The Lion, The Witch, and the Wardrobe

Date: 19 November 2004, 8pm Venue: Capilano College Performing Arts Theatre

Reviewer: John Jane




C. S. Lewis
1898 - 1963
The Lion, The Witch and the Wardrobe is an excellent example of C. S. Lewisís allegoric style of storytelling. He often prefers the use of symbols to soften naked realism. The storyline here bears little focus on verisimilitude, yet through the relationship between animals and children we observe the triumph of good over evil.  

In translating the storyís spirit from page to stage, Dawn Moore has pulled together a most vivid production, as enjoyable as reading the book itself. Helped by a hard-working young cast of theatre arts students, who no doubt had to juggle rehearsals with a regular commitment of classes, Moore allowed the audience to follow the four young siblings through the same portal (the wardrobe) into a phantasmagorical land of mythological creatures and perpetual winter.

Arriving in Narnia, the quartet of siblings (heralded as the two sons of Adam and the two daughters of Eve) are soon drawn into conflict with Jadis, the treacherous white witch, and Fenris Ulf, her conniving henchman, delightfully overplayed by Linzi Voth and Antonio Olivito.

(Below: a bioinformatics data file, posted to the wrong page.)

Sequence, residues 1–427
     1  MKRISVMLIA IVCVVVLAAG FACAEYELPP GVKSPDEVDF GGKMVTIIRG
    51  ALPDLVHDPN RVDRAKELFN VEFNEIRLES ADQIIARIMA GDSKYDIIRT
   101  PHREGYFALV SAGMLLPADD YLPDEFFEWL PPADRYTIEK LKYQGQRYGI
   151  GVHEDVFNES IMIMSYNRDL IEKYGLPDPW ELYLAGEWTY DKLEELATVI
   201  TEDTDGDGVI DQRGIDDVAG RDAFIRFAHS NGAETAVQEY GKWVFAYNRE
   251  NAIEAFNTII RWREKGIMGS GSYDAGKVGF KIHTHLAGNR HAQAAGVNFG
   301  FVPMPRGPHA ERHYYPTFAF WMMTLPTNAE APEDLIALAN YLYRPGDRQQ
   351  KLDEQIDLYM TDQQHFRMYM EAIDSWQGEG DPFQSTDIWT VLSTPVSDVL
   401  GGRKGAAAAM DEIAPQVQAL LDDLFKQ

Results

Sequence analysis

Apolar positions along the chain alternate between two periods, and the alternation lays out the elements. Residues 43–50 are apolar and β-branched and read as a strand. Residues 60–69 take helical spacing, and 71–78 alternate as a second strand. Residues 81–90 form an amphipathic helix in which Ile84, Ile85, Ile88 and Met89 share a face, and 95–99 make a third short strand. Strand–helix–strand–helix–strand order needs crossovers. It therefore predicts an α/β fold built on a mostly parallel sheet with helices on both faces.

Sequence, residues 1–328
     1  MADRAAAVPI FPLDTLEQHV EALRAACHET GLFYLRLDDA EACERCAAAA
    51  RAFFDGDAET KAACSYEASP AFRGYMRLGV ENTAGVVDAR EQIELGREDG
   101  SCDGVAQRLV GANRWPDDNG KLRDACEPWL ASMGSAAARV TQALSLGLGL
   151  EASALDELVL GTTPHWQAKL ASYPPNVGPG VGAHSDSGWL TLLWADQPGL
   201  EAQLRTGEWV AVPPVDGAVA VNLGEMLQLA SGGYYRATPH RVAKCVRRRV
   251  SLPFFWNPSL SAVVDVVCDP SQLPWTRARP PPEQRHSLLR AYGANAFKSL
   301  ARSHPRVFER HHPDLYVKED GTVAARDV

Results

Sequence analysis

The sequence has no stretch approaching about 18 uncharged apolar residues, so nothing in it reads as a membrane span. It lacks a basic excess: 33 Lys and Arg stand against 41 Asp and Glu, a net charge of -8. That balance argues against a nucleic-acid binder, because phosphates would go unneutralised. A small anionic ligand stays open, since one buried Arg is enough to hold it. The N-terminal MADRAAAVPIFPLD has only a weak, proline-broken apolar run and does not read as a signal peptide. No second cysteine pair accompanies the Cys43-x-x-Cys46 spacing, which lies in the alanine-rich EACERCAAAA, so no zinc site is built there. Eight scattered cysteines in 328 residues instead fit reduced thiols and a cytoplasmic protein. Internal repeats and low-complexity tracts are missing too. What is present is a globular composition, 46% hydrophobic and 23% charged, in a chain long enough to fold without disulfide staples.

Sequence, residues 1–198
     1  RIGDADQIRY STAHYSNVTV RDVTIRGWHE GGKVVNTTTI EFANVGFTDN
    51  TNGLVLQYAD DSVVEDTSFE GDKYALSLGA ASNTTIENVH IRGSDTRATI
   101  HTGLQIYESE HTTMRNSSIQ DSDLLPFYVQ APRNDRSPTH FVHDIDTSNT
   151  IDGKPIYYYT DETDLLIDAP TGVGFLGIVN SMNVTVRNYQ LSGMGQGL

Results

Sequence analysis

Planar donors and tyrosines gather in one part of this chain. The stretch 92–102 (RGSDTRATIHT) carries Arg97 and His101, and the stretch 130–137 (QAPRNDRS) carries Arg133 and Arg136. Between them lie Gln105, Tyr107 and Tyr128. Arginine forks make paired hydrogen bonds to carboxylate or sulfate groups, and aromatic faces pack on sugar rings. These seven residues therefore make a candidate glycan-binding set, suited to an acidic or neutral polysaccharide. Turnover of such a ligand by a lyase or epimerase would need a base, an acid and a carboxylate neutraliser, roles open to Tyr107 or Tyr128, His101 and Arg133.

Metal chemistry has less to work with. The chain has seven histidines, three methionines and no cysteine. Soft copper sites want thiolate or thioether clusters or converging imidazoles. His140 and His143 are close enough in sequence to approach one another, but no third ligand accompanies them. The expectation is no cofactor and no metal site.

Ms Voth obviously felt that when one is cast as an evil sorceress, you may as well have fun with it. And was it set designer, Dave Winstanleyís idea to use the GOP elephant logo as Jadisís standard emblem?

Nick Fontaine as Aslan & Abby Creek as Lucy
Photo: David Cooper

I personally enjoyed hearing Loreena McKennitt's music-- Celtic melodies from her CD Book of Secrets that provided a natural soundtrack through the theatreís sound system, though at times it did drown out some of the actorsí dialogue.

The humiliation, death, and resurrection of Aslan the Lion were handled with due sensitivity. The parallels with Christís sacrifice were plain.

A good part of the fun in attending a family show like this is seeing the joy on the faces of the children. Judging by the apparent enjoyment on the countenances of the junior members of the audience, The Lion, The Witch, and The Wardrobe was a success.

To discover more about Narnia, visit www.narnia.com

© 2004 John Jane